A lesson for us Dubs in theft of relic we didn't know we had
MOST Dubliners didn't know we had it until we lost it. That's the sad reality of the shrine containing the heart of St Laurence O'Toole.
Once it was stolen we learned it had been one of the most popular tourist attractions in our capital city. And we began to learn about the city's patron saint and second archbishop, who founded Christ Church Cathedral in the 12th century, along with Strongbow, one of the Norman invaders who helped turn Dublin into a great city.
Ascetic and vegetarian, was how one historian described O'Toole, the man who died and was buried in France, but whose heart was returned to his home city in a gesture awash in symbolism.
It took the theft of that heart, last week, to remind us of just how much Laurence O'Toole mattered.
Up to then, Dubliners had never registered the importance of a shrine with eight centuries of visitation to its credit -- a shrine with links to a Christian tradition of relics and reliquaries going back to the earliest days of the Church. (One European king, in the Middle Ages, had a room in his palace filled with bones of saints.)
Our initial reaction to the news of the missing heart was dismissive. Almost a "did I hear that right?" puzzlement, and then a shrug. It seemed so daft, it couldn't be true. Or if it was true, it wasn't important.
Then we began to try to stick sense on to what seemed a nonsensical act. Maybe, we speculated out loud, maybe what the thieves were after was the block of metal in which the heart was contained. Sure, aren't they nicking metal off every gutter these days because of how prices for scrap metal have soared?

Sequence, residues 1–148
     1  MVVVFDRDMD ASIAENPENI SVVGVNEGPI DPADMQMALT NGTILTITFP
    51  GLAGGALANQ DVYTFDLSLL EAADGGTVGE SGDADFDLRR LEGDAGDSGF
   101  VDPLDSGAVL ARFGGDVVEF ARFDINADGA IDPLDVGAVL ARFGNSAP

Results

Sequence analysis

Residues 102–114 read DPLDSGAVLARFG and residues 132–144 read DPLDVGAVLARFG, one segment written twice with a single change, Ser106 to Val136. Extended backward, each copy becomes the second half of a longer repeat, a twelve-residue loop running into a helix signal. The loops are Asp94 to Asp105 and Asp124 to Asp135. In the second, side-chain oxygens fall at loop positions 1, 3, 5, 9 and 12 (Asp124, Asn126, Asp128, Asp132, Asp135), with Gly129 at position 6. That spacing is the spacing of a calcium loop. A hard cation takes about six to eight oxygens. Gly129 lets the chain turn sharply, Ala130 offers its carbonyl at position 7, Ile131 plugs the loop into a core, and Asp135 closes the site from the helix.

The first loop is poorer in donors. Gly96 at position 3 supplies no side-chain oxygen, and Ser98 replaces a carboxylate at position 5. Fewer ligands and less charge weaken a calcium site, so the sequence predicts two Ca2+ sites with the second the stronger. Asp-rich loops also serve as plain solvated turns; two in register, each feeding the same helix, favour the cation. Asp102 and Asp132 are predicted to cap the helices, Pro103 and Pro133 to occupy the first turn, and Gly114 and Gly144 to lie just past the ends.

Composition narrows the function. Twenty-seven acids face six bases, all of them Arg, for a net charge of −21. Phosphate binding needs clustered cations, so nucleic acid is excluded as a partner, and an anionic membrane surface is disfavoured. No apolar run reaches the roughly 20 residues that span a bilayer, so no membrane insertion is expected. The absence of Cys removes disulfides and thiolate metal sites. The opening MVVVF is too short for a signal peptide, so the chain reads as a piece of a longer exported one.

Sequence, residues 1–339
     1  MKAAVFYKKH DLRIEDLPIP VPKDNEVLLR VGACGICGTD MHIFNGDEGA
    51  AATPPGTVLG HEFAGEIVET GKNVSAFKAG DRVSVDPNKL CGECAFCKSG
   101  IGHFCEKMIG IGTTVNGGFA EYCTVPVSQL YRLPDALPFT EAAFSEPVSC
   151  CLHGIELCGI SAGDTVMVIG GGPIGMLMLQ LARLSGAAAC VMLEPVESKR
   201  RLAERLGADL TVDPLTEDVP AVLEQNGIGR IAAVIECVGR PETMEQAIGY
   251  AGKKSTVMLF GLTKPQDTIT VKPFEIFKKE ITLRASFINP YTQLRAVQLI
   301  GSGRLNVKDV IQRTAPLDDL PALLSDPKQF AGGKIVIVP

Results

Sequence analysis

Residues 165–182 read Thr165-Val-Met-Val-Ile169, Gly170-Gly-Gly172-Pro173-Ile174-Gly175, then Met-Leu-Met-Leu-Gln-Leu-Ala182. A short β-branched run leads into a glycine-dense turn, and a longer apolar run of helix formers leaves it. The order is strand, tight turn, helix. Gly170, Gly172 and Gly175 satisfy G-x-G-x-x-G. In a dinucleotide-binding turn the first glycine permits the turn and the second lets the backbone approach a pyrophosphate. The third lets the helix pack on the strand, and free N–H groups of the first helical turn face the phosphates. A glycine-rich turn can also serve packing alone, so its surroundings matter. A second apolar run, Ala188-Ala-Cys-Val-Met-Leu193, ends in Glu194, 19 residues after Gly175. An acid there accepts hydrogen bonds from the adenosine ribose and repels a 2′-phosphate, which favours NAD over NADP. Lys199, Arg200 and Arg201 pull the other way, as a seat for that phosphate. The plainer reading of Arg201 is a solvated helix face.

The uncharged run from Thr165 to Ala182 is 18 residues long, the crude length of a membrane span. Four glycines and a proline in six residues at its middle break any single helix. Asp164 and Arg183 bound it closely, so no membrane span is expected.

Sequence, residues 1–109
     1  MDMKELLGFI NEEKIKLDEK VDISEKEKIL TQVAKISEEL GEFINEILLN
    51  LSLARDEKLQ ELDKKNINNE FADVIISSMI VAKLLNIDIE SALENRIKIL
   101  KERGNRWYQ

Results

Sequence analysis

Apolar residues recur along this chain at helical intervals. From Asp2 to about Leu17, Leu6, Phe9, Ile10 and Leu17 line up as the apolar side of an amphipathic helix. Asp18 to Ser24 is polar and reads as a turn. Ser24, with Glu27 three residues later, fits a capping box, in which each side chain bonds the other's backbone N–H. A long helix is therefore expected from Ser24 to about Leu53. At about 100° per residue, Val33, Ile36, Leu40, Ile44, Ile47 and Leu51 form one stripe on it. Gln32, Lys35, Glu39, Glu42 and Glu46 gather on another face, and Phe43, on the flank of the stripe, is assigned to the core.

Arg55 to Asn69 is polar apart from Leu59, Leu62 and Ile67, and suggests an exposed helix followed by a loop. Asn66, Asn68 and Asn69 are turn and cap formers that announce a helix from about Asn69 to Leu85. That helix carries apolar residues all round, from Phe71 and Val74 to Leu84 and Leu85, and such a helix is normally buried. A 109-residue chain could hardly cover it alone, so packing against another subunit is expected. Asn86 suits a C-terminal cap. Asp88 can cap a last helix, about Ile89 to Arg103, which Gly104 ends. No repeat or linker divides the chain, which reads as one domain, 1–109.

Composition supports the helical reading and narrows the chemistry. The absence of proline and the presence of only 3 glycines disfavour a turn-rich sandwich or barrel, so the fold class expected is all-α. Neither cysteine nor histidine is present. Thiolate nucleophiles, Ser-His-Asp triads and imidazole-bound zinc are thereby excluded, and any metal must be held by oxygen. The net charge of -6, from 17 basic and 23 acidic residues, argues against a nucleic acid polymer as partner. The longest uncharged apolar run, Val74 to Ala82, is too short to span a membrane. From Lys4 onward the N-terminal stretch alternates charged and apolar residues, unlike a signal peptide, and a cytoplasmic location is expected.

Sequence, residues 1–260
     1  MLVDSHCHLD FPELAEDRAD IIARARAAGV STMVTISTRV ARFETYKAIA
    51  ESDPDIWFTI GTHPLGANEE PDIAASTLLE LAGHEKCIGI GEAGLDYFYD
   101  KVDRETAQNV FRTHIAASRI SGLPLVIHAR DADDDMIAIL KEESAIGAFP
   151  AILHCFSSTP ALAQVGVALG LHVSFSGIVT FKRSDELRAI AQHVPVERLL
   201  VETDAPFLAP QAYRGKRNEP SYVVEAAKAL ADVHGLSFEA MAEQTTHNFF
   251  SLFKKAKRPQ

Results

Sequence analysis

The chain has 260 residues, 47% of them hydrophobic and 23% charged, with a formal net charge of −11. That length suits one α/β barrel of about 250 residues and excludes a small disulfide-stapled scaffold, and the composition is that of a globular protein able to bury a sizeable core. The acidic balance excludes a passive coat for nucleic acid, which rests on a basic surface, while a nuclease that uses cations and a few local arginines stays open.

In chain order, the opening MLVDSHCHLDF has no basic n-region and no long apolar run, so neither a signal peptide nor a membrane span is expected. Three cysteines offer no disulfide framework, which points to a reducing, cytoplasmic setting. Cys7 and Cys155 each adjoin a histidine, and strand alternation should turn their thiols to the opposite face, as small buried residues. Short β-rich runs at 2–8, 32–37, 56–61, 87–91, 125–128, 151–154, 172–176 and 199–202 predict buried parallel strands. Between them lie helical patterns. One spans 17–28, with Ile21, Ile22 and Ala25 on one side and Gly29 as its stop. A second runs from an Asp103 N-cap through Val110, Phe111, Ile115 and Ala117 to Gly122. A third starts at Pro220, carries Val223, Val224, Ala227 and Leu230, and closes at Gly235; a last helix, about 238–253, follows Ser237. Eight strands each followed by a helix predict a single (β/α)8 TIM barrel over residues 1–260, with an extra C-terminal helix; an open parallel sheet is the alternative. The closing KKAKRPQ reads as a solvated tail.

The scrap metal theory, while attractive in explaining the otherwise inexplicable, didn't hold up under scrutiny. The thief or thieves had come equipped with a strong metal cutter all right -- in order to chop through the sturdy cage containing the relic.
But they didn't take the cage with them, and the heart-shaped container within, although it looks like metal, in fact is wood, almost fossilised by time. So, whatever motivated the robber, it wasn't the prospect of getting money for old metal. The alternative theory is that this was a religious fanatic or a mercenary hired by such a religious fanatic. That the thief lit candles before he (or she) departed the cathedral seems to point to a certain twisted religiosity, but then, even if they were a hired hand, the fanatic who paid them might have stipulated the use of the candles in a weird gesture of respect.
Which serves as another reminder of what we in Dublin have almost forgotten: that no matter how casually non-religious we have become, each generation produces a minority of believers who take the Bible literally, and who invest relics with a magical significance, whether those relics are splinters of wood alleged to have originated in the cross on which Christ was crucified or the remarkably preserved body of St Therese, the "little flower" of Lisieux.
It might be easy to mock such belief. And that might be counter-productive. Because, if we want the heart of St Laurence O'Toole's heart returned to the shrine, allowing 800 years worth of visitors to connect with a major historical and religious figure, portraying the thief as a religious headbanger is not the way to open negotiations. For generations of (mostly non-Dublin) visitors, St Laurence O'Toole's heart has carried a significance us native Dubs largely missed. Maybe, despite the weirdness of the theft, it carries a lesson for us. A lesson best summed up in the old Joni Mitchell song: "You don't know what you've got 'til it's gone."